EMD Relative weekly notes
Emerging market debt has wobbled this month with all three major indices in modestly negative territory. Fund flows this week were negative, and in US high yield we had the third largest weekly outflow ever, which often produces a knock-on effect on EMD. It is certainly reasonable to presume as one proximate cause for the softness that investors would like to lock in profits, and this could continue.
But selling higher-yielding fixed income instruments without evidence of fundamental deterioration is in itself a risky exercise. Of the 15 largest daily outflows in US HY, next three month returns have been positive two-thirds of the time, with an average annualized historical return of 7.2% according to Bank of America.
We often get questions about how we believe EM would fare in negative market environments or when a clear negative global event happens and our answer is always the same—it is our opinion that they would react similar or perhaps better than other risk asset classes, absent a cause that is specific to emerging markets. This month is a stellar case in point as US equities are down slightly for the month while European equities have fallen around 3%—in that context we think the < 1% fall in EM assets (excluding the 30% long-awaited collapse in Venezuela) is a reasonable response and is a better performance than that of US high yield during this short recent period.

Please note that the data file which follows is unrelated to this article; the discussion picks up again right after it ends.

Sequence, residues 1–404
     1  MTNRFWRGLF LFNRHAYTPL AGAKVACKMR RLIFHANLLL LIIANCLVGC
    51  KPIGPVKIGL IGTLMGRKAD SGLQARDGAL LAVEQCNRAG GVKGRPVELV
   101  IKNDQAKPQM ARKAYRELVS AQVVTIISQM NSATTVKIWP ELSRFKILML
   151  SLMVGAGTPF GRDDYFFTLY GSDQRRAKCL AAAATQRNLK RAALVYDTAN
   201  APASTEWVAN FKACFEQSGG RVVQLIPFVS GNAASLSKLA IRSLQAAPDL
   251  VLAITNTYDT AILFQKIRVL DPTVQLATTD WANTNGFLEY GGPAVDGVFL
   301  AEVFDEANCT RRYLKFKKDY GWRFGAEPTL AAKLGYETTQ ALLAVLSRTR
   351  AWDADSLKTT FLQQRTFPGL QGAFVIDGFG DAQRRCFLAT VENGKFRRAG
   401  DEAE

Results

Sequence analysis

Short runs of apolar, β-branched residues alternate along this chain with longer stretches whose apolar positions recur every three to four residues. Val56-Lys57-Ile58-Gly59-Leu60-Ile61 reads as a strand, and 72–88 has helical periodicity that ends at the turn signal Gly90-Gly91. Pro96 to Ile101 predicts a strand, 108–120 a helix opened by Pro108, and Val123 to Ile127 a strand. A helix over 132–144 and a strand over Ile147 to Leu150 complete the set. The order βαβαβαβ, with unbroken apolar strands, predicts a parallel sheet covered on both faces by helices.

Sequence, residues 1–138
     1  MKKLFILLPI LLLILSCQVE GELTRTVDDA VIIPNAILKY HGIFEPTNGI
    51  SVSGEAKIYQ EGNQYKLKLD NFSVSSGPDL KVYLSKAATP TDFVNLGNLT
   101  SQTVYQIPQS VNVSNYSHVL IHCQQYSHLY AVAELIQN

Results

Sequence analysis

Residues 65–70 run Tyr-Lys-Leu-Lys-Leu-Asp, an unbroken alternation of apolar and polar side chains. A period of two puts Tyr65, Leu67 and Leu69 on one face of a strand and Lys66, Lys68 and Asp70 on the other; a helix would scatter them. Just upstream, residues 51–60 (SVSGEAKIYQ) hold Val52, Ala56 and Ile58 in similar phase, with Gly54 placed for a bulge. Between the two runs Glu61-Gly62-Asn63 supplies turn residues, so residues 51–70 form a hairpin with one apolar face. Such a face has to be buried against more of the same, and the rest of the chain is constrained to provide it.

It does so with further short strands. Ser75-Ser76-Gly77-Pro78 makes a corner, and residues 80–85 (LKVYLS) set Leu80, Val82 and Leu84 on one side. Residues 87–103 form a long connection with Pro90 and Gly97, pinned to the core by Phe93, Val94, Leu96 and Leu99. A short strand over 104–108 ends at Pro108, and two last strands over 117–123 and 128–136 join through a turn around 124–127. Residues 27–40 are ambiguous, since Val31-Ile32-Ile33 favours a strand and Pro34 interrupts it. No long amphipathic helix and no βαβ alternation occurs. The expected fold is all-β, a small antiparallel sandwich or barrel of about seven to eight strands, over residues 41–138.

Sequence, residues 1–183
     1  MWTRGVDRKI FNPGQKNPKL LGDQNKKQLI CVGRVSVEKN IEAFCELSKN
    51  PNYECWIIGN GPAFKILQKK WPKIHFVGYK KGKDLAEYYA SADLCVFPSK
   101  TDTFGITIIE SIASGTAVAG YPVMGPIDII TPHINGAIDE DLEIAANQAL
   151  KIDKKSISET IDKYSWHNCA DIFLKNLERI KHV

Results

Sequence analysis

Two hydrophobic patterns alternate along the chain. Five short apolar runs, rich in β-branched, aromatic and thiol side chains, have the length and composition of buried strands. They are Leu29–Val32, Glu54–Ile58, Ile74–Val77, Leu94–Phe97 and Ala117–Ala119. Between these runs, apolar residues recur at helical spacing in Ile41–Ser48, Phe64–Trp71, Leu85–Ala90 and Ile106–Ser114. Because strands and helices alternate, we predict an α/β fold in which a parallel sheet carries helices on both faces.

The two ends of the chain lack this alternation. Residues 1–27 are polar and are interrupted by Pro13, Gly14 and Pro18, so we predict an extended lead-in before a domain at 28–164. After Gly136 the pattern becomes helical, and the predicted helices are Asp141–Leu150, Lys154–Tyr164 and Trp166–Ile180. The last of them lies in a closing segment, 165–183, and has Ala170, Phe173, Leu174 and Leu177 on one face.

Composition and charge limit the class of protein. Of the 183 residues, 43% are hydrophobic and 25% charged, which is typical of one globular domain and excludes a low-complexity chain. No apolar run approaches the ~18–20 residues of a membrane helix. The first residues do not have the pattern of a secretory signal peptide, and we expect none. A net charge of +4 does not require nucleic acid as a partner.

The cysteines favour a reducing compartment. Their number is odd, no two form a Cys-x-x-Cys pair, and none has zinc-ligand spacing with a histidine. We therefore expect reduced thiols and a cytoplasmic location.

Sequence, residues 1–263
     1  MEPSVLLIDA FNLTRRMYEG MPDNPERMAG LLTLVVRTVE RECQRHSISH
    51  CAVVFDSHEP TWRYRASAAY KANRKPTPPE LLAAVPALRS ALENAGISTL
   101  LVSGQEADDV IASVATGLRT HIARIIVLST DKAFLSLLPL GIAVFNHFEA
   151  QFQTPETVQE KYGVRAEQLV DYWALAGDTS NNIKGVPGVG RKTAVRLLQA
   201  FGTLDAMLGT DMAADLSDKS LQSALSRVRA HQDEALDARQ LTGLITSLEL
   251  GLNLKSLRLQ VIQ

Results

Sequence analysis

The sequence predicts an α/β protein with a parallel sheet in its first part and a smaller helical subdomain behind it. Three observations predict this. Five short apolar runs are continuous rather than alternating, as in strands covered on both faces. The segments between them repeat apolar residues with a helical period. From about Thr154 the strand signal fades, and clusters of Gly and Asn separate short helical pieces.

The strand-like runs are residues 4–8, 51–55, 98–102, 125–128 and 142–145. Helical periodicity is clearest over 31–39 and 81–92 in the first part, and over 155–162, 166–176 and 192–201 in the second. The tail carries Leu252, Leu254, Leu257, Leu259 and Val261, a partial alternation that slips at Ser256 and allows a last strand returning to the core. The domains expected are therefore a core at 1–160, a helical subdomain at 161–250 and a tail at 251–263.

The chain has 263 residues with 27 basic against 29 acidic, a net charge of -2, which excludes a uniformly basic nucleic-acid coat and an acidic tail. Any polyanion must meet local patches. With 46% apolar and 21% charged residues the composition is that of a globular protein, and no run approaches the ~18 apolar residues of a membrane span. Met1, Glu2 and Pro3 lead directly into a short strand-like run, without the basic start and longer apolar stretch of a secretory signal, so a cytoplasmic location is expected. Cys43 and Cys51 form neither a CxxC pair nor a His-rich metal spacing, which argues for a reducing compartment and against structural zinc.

Going forward we do not see a sign that we are in an environment that would be meaningfully negative for EM in particular. The continued, relentless flattening of the US yield curve leaves EM yields yet more attractive to fixed income investors, not less. The dollar index has fallen about 1% this month—we would be far more concerned if a rising dollar accompanied a period of higher volatility. Lastly and perhaps most importantly we see that high frequency foreign exchange reserve data is stable to positive across those major countries that report weekly. In summary, there is an absence of historically reliable indicators to suggest we are entering a period of heightened risk in this asset class.
However, that flattening of the yield curve could well induce a period of profit-taking in US equities should the market conclude growth prospects in the US are dimmer even with a tax reform package as the Fed tightens liquidity conditions. In that case we would expect further wobbles in EM. But there is hardly enough support for that thesis to be dogmatic about it, and foregoing income potential to bet on it is not a risk-free proposition.
The views and opinions contained herein are those of Schroders’ investment teams and/or Economics Group, and do not necessarily represent Schroder Investment Management North America Inc.’s house views. These views are subject to change. This information is intended to be for information purposes only and it is not intended as promotional material in any respect.